To Remove Egg Shells When Cooking—If a piece of shell gets into the egg when breaking eggs into a bowl, just touch it with a half shell and it can easily be removed.

To Keep Yolks of Eggs Fresh—Yolks of eggs which are not wanted for immediate use can be kept good for several days by dropping them into cold water and keeping in a cool place—the cooler the better.

To Prevent Boiling Eggs from Cracking—The four following suggestions are given in regard to boiling eggs. Use the one best suited to the purpose:

When Boiling Eggs, wet the shells thoroughly in cold water and they will not crack.

To Prevent Eggs from Bursting While Boiling, prick one end of each of the eggs with a needle before placing them in the water. This makes an outlet for the air and keeps the shells from cracking.

If Eggs Which You Are About to Boil Are Cracked, add a little vinegar to the water and they can then be boiled as satisfactorily as undamaged ones.

A Spoonful of Salt should be added to the water in which slightly cracked eggs are boiled. The salt will prevent the white of the egg from coming out.

Worn-Out Broom for Floor Polisher—When a long-handled broom becomes worn out, instead of throwing it away, tie a piece of felt or flannel cloth around the head and make a good floor polisher. It will make work much easier and also keep linoleum in good condition. Footmarks can be rubbed off at any time without stooping.

To Clean a Slender Flower Vase fasten a piece of an old sponge onto a stick and push it down into the vase; this will also be found useful for cleaning decanters and water bottles.

To Keep Bread Fresh—Wash a potato, wipe it dry and put it in your breadpan. It will keep the bread fresh for several days.

To Freshen Old Lemons—Lemons that have become old and dry can be made fresh and juicy again by putting them in a pan of hot water and keeping the water at an even temperature for about two hours.

A More Effective Dishcloth for Cleaning—In knitting dishcloths it is a good plan to put in several rows of hard-twisted cord. This hard part of the cloth will clean many surfaces on which it is not advisable to use scouring soap or metal.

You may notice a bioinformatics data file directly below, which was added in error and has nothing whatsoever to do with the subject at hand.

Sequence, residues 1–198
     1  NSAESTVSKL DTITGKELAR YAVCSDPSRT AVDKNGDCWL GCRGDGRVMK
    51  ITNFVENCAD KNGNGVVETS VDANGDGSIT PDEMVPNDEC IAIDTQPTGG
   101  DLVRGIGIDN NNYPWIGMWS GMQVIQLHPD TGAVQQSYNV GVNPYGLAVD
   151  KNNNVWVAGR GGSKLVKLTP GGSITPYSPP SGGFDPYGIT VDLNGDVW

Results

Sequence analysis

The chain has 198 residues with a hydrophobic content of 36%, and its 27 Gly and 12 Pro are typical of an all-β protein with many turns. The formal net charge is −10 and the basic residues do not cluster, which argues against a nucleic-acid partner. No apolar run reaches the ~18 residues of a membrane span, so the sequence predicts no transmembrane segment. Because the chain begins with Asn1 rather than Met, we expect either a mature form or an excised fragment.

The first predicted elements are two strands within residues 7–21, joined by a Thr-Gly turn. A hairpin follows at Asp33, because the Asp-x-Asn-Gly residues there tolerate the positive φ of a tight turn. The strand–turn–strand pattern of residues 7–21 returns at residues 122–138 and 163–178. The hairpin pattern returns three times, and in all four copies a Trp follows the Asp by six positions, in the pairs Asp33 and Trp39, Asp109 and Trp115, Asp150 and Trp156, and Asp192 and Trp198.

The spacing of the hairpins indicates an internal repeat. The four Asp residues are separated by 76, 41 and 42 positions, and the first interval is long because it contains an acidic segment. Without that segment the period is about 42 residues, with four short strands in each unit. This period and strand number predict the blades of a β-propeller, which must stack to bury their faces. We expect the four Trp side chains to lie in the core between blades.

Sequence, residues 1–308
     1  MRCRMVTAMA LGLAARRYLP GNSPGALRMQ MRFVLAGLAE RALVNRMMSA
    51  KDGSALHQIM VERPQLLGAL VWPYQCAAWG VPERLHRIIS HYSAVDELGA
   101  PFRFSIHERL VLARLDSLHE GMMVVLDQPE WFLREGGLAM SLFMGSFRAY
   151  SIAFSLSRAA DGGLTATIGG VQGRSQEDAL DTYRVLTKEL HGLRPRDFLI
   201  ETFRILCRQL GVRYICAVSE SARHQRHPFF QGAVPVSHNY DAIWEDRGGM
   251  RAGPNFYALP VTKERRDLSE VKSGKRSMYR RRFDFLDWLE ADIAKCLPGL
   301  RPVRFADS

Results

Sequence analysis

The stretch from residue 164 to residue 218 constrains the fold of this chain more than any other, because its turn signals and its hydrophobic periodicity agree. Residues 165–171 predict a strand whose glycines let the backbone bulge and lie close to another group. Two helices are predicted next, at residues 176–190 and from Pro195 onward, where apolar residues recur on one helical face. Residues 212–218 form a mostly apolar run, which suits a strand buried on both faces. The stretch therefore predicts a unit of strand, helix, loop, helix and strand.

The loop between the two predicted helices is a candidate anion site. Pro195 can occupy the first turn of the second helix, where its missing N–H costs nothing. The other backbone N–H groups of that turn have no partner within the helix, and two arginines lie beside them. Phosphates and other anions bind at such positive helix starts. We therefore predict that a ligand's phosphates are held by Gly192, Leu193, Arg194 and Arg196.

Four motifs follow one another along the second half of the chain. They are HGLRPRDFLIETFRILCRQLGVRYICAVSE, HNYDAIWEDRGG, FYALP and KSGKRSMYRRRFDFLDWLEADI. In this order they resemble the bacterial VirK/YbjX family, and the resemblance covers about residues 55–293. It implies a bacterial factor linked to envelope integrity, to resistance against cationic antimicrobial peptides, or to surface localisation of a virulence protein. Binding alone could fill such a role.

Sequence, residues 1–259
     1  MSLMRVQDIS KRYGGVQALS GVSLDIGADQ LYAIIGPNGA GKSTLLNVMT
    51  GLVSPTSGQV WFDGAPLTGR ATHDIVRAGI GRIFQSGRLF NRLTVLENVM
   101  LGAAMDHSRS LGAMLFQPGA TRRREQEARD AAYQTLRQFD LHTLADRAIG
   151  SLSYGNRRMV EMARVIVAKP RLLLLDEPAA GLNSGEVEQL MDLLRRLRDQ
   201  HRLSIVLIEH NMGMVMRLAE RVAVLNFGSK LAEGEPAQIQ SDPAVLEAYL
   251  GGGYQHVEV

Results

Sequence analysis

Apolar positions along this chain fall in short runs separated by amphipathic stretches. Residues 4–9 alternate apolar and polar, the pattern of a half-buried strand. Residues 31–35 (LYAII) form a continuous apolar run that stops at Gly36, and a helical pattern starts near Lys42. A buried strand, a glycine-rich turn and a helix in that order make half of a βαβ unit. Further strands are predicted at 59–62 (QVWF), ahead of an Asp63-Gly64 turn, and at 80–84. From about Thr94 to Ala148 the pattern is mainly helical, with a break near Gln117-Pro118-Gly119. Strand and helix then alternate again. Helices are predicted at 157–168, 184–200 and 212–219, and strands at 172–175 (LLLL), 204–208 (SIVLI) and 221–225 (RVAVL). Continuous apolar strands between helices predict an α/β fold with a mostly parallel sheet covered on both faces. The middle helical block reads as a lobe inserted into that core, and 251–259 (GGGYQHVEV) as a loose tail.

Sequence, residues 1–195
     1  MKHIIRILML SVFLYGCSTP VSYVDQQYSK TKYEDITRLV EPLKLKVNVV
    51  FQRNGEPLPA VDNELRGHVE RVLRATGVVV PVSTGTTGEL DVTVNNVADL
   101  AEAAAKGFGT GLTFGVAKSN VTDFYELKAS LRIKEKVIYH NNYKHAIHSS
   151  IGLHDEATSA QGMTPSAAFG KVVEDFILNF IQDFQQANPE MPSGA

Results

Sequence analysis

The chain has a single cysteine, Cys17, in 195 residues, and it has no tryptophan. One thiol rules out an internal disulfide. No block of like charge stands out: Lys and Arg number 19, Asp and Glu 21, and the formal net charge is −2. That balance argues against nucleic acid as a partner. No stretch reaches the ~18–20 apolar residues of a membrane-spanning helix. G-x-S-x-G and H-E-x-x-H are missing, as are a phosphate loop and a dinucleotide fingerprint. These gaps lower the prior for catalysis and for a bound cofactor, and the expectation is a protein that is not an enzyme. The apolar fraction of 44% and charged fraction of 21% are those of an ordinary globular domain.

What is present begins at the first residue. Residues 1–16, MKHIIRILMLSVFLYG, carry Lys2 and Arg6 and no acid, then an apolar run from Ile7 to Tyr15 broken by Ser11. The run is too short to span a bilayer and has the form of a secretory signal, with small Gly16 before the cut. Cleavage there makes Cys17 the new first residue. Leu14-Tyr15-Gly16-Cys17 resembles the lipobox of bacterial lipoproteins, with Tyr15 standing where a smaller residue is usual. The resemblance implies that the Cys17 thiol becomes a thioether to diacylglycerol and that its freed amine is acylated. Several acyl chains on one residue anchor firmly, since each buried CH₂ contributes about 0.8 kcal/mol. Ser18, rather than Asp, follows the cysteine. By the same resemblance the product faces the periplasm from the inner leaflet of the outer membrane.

To Clean Linoleum, use skimmed milk instead of water. It will keep it glossy, and will not rot it as water does.

A Good Remedy for Burns—Cover a soft cloth with a thick layer of scraped raw potato (Irish) and apply it to the burned part. The potato should be renewed as often as necessary to keep it moist.

For Burns and Light Scalds—At once coat the burned or scalded spot with mucilage and the smarting will cease almost instantly. If the burn is quite deep, keep it covered with a paste made of cold water and flour; do not allow the paste to get dry until the smarting stops.

Brush for Removing Silk from Corn—When preparing corn on the ear for the table, or for canning purposes, use a small hand brush to remove the silk. It will do the job more thoroughly and quicker than it can be done with the fingers.

To Remove Grease Spots from the Kitchen Floor—Apply alcohol to the spots and you will be surprised to find how easily they can be removed. The small amount of alcohol necessary to be used need not soil the hands.

To Open a Jar of Fruit or Vegetables Which Has Stuck Fast—Place the jar in a deep saucepan half full of cold water; bring it to a boil and let it boil for a few moments. The jar can then be opened easily.

To Identify Dishes Which Have Been Loaned—When taking dishes or silver to a picnic or other public gathering, place a small piece of surgeon’s plaster on the bottom of each dish and on the under side of the handles of spoons and forks. On this plaster mark your initials (in indelible ink if possible). The plaster will not come off during ordinary washing, but can later be removed by putting it in a warm place until the adhesive gum melts.

Tablet or Slate for Kitchen Memoranda—Keep in the kitchen a tablet with a pencil tied to it, or a ten-cent slate and pencil hung upon the wall. The day’s work is easier and smoother if you plan each morning the special tasks of the day and jot them down, checking them off as accomplished. Planning the day’s meals in advance results in better balanced menus. Writing down all groceries and household supplies as needed will save time when you go to the store or the order boy calls.

To Fasten Food Chopper Securely—Before fastening the food chopper to the table, put a piece of sandpaper, large enough to go under both clamps, rough side up, on the table; then screw the chopper clamps up tight and you will not be bothered with them working loose.